Seven months ago, I sat in a bathrobe before my computer and renewed my commitment to the guiding ideal of babble for all. This evening I will set forth policies to advance that ideal on this blog and around the blogosphere.

Today, with a healthy, growing list of incoming links, with more readers wasting their work day checking the Wordhoard, with my blog an active force for good in the world -- the state of my blog is confident and strong. (Applause.)

Our generation has been blessed -- by the expansion of opportunity, by advances in wysiwyg html coding applications, by the computer literacy purchased by our parents' sacrifice to buy us an Atari when we were young. Now, as we see a little gray in the mirror -- or no hair at all, in my case -- (laughter) -- and we watch our children IM one another, we ask the question: What will be the state of this blog? Members of the Blogosphere, the choices we make together will answer that question. Over the next several months, on issue after issue, let us do what readers of Unlocked Wordhoard have always done, and build a better world for our children and our grandchildren through commenting on the latest minutiae of Battlestar Galactica. (Applause.)

First, we must be good stewards of our blogroll, and renew the updated links on which millions of our fellow blogospherians rely. Unlocked Wordhoard's blogroll is the fastest growing of any major blog containing the word "Wordhoard" in the world. In the past few month, we provided links to every person who links to us, overcome a sudden re-structuring of the Ecosystym, opened up new links to other bloggers, persecuted people who say stupid things, raised the hackles of our readership to its highest level in history, and in the last year alone, the Unlocked Wordhoard has added dozens of new links. (Applause.)

Our second great responsibility to our children and grandchildren is to honor and to pass along the values that sustain a free blogosphere. So many of my generation, after a long journey, have come home to family and faith, and are determined to bring up responsible, moral children who don't turn up Nickelodeon too loud while we're trying to read. Blogs are not the source of these values, but blogs should never undermine them, unless they are porn blogs specifically dedicated to that goal.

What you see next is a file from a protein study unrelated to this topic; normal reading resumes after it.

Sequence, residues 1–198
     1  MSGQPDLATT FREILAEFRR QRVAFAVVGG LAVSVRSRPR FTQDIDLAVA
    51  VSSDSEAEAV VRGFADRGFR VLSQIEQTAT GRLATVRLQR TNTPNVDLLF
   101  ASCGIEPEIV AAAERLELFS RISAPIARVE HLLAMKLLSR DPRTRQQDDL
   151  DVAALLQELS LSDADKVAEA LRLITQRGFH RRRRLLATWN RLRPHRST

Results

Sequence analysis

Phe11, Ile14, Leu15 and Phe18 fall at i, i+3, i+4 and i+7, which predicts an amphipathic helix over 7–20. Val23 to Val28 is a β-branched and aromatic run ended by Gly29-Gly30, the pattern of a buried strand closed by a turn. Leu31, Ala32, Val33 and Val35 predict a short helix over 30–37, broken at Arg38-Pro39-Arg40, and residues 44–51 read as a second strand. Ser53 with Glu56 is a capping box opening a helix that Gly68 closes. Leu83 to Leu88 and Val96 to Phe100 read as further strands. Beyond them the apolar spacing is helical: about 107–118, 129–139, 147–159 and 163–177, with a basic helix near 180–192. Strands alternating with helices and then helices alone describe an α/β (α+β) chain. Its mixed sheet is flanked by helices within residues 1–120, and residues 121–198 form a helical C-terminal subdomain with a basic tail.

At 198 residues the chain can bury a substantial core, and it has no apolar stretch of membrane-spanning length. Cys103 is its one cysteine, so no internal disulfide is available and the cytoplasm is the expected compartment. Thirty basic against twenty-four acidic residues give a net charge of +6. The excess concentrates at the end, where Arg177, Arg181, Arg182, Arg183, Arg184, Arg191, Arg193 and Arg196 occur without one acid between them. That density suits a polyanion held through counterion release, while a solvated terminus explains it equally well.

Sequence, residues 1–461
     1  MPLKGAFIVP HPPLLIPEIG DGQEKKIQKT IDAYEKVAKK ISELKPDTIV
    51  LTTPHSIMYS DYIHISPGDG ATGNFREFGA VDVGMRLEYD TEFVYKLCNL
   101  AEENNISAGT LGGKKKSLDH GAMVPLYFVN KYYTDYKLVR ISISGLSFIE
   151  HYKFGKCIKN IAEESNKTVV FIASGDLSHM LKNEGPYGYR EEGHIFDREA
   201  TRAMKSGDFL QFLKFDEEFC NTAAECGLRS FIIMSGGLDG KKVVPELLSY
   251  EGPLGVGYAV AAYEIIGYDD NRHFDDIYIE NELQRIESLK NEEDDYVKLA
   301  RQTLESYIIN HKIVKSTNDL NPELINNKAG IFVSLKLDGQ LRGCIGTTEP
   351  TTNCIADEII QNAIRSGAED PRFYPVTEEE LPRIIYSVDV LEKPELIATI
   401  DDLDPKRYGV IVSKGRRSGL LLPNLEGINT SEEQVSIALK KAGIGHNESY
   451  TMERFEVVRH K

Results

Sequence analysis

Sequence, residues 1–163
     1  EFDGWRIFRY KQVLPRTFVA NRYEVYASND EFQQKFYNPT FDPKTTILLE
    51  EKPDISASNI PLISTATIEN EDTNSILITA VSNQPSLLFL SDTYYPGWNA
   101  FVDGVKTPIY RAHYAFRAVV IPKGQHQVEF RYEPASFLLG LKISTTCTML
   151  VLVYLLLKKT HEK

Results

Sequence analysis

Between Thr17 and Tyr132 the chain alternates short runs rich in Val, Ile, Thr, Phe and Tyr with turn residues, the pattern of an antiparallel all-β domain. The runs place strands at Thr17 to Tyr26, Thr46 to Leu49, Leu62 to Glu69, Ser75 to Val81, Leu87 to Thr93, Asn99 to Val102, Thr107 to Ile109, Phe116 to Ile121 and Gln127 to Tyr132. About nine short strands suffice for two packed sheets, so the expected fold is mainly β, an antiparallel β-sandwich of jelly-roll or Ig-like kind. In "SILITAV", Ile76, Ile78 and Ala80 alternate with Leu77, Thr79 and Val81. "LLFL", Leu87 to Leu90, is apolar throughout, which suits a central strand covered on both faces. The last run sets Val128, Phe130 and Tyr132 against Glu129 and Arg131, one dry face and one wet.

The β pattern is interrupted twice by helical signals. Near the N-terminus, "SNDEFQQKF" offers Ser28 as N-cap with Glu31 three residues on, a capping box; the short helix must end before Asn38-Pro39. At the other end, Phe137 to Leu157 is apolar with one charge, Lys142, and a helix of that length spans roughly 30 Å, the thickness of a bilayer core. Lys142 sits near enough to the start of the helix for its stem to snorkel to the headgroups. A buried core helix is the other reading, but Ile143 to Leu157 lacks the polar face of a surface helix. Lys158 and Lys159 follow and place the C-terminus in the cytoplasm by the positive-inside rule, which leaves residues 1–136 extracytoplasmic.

Because marriage is a sacred institution and the foundation of society, it should not be re-defined as a union created for the sole purpose of shuttling children from one appointment to another. For the good of families, children, and society, I support a pledge to protect the institution of marriage by allowing my wife some computer time as well, rather than hogging the whole thing for myself. If that fails, I support the creation of a special fund to buy a laptop so that I can blog while she surfs her sites. (Applause.)

Our third responsibility to future generations is to leave them an Unlocked Wordhoard that is safe from danger, and protected by peace. We will pass along to our children all the freedoms we enjoy -- and chief among them is freedom from fear. Therefore, I pledge to you that our blog will never dissect the latest gossip about Brangelina, nor will it make puerile calls for the immediate impeachment of any political figure of either party. No one need fear the Wordhoard.

In these few months, the Wordhoard has seen the unfolding of large events. We have known times of sorrow, and hours of uncertainty, and days of victory. In all this history, even when we have posted really moronic things, we have seen comment threads that were relatively troll-free. The attack on intelligent discourse in the blogosphere has reaffirmed our confidence in blogosphere's power to waste many hours of the workday. We are all part of a great venture: To extend the promise of inane babble in this blog, to comment on things about which we know nothing, and to spread the chuckles that ironic posts bring.

As Franklin Roosevelt once reminded Americans, "I really wish I could have a blog -- if only computers would be invented before my death. Alas, I'll simply have to comfort myself by smoking cigarettes out of very long, silly-looking cigarette holders." And we post in the blogosphere where the biggest posts are unread because of short attention-spans. The dissolution of the Backstreet Boys was only a dream -- until it was fulfilled. The creation of a feature-length Firefly film was only a dream -- until it was achieved. The promotion of public discourse about modern medievalism was only a dream -- until, one day, it was accomplished. Our generation has dreams of its own, and we also go forward with confidence. The road of Providence is uneven and unpredictable -- yet we know where it leads: It leads to more posts resulting in hatemail from Tolkien fans.

Thank you, and may God bless the Unlocked Wordhoard. (Applause.)